President Obama escalated sanctions against Russia on Wednesday by targeting a series of large banks and energy and defense firms in what officials described as the most punishing measures to date for Moscow’s intervention in Ukraine.
While the latest moves do not cut off entire sectors of the Russian economy, as threatened in the past, the administration’s actions go significantly further than the financial and travel limits imposed so far on several dozen individuals and their businesses. The new measures will severely restrict access to American debt markets for the targeted companies.
Among the firms targeted were some of the most prominent in Russia, including Rosneft, the state-owned oil company and largest oil producer; Gazprombank, the financial arm of Gazprom, the giant state-controlled natural gas producer; Novatek, another Russian natural gas producer that has been competing with Gazprom; and Vnesheconombank, the state economic development bank.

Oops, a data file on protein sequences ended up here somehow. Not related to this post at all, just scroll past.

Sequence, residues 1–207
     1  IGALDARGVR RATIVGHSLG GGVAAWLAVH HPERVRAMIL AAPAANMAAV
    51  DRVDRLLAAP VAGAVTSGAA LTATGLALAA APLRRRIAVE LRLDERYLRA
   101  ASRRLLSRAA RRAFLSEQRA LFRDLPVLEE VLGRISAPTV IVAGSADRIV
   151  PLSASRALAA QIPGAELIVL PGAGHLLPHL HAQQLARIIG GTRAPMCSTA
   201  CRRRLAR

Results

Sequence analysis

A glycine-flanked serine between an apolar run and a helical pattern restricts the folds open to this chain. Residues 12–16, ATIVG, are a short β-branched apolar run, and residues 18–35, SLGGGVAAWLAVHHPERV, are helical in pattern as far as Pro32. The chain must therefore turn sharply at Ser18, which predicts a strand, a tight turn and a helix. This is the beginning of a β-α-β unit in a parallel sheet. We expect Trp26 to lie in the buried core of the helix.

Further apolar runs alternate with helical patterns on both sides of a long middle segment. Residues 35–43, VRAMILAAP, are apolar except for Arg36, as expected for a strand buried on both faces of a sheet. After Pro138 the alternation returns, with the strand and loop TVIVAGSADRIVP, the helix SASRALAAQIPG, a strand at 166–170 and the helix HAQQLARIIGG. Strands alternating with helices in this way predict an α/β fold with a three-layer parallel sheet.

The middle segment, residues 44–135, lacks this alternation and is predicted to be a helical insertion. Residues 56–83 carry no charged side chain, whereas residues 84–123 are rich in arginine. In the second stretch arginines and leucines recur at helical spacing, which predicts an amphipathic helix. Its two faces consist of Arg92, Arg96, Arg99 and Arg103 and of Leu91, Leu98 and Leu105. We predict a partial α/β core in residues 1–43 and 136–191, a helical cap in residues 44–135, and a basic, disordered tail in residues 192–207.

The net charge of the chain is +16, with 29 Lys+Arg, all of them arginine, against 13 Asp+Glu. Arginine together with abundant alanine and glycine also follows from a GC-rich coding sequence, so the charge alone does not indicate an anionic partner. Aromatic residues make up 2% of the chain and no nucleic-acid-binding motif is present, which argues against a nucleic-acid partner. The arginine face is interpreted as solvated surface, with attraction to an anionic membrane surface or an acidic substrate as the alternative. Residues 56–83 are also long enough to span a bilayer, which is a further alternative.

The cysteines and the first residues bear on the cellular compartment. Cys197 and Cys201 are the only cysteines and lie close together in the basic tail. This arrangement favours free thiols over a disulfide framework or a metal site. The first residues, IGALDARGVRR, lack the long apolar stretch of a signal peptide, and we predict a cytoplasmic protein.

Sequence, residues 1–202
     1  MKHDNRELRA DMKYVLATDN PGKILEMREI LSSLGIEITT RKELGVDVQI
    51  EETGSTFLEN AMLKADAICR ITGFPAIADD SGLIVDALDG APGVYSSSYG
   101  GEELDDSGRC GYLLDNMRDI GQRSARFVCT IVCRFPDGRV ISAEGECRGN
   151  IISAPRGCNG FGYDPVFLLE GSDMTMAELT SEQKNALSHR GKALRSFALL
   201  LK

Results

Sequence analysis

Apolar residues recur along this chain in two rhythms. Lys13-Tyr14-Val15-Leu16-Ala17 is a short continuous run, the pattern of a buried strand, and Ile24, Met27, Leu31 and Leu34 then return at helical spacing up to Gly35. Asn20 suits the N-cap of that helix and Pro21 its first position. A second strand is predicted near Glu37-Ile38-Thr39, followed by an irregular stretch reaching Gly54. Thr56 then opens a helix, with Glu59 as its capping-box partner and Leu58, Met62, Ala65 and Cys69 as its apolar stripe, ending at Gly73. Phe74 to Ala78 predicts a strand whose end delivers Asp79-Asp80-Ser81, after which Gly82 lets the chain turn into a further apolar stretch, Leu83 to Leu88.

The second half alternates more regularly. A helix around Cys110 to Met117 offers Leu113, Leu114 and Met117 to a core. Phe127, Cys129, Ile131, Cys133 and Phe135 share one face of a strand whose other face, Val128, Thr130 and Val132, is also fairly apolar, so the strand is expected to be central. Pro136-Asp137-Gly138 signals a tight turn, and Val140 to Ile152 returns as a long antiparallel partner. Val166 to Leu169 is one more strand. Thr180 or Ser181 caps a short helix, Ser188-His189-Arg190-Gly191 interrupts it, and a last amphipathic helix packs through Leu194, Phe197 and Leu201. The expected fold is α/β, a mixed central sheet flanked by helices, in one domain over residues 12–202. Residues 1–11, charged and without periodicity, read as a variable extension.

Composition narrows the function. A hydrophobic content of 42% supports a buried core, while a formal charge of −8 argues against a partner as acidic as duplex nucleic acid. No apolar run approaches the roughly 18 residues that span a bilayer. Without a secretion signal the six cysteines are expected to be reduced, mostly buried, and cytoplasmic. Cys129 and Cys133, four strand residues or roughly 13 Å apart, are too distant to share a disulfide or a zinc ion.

The moves were coordinated with European leaders, who were meeting in Brussels on Wednesday to consider their own package of penalties against Russia. The Europeans declined to go as far as the United States, instead focusing on a plan to block loans for new projects in Russia by European investment and development banks.
The disparate approaches reflect the deeper divisions between Washington and Brussels over how tough to be with Russia.
But American officials said the fact that Europe was moving ahead with additional actions, even if not as stringent as their own, should be seen as a sign of continuing solidarity in the face of Russian provocation in Ukraine.